Like water, natural gas is piped from the mains into your home however the pipes used for this process are made from different materials - mild steel, low carbon steel or newer yellow polyethylene plastic. Just as every household plumbing system has a stoptap, allowing the flow of water around the home to be shut off, every gas meter has an emergency control valve which allows your gas supply to be turned off in the event of a leak.

How to prepare for a gas emergency

Ensure you're prepared for a potential gas emergency by locating your gas meter and its emergency control valve and by learning how to turn off the gas supply. The below pictures show the correct method of operation for your gas meter's emergency control valve:


What to do if there is a gas leak

If you suspect there has been a gas leak in your home, you should take the following steps:
  • Turn gas off at the meter using the emergency control valve unless the meter is located in the cellar/basement.
  • Open doors and windows and ventilate the area as much as possible.
  • Do not smoke or use naked flames.
  • Do not operate any electrical switches or appliances (turning them on/off can cause a spark).
  • For properties with natural gas, call emergency services and report the leak on 0800 111 999 (24 hours per day).
For properties with LPG, call the supplier emergency number, provided by the supplier.

Where gas is concerned, it's always better to be safe than sorry so if you're unsure, treat is as a gas leak. Find a quality Gas Installer in your local area on our website at http://www.aphc.co.uk/find_an_installer.asp.

Friday, 15 July 2016

Dealing with plumbing emergencies

Many of us tend to bury our heads in the sand when it comes to anything technical around the house, but when it comes to your household plumbing system, knowing what to do in the event of an emergency can prevent severe damage occurring to your property or even save a life. Luckily we've made the task a little easier with our easily guide to dealing with plumbing emergencies.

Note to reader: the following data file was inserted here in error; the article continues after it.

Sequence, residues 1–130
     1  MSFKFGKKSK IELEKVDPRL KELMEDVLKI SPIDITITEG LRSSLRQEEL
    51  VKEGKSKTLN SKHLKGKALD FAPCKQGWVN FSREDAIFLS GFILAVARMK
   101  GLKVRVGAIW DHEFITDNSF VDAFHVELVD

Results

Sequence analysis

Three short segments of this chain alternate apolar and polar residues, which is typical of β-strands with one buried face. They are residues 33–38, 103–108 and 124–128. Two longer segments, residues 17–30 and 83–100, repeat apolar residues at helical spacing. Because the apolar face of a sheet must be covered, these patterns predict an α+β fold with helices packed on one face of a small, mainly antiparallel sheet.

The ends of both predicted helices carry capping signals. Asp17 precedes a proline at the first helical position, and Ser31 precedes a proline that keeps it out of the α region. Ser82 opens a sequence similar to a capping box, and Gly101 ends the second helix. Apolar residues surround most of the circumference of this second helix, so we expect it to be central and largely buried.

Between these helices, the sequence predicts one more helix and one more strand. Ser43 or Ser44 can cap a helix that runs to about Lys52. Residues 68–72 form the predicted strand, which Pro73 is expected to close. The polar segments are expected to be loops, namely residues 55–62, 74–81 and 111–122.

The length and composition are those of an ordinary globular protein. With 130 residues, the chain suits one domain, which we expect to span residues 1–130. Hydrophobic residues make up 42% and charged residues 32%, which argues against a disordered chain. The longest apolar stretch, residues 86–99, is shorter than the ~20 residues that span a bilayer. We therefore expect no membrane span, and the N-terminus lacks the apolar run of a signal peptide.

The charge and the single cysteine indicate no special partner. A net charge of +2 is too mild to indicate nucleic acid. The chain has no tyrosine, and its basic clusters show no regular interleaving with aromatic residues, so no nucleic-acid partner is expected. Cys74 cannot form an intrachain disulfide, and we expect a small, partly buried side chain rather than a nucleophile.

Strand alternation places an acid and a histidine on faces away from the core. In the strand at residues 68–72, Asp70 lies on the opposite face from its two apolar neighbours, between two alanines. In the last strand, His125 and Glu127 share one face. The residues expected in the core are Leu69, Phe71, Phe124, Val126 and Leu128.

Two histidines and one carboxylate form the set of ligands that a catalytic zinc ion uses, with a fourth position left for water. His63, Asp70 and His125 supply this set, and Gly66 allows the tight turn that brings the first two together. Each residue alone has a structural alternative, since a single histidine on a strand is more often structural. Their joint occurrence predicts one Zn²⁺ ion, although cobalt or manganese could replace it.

Major leaks and floods

The first step to take in the event of a flood is to turn off the water supply to your property using the stoptap. Every property has two of these, the first of which is located within the property and the second of which is the water company boundary stop tap. The main stop tap is usually located in the kitchen but can be anywhere on the ground floor or the entry floor to a flat. As they are sometimes boxed in or hidden in cupboards, stop taps can be hard to find. Controlling the supply of water to the whole home, this tap will stop all water when turned off.

Boundary stop taps are usually located at the boundary of a property by the water company, and cut off the entire supply of water to the property including the outside pipes. Some older taps can turn water off in up to 4 properties at once, so be sure to inform the neighbours before turning this off!

Isolation valves

If you experience a small leak within your property e.g. in sanitary ware or kitchen appliances, these can be controlled using isolation valves. Small in line valves installed next to the appliance or ware can quickly stop a problem without stopping the entire water supply.

Hot water systems

If you experience a leak in your hot water system you need to stop hot water entering the system. If you have a hot water cylinder you need to find the gate valve (usually in your airing cupboard). Turn this off and turn on any hot taps to empty the cylinder of all water. If you have a combi boiler the valve will be located under the boiler and will be a lever operated isolation valve.

How do I prepare for a water emergency?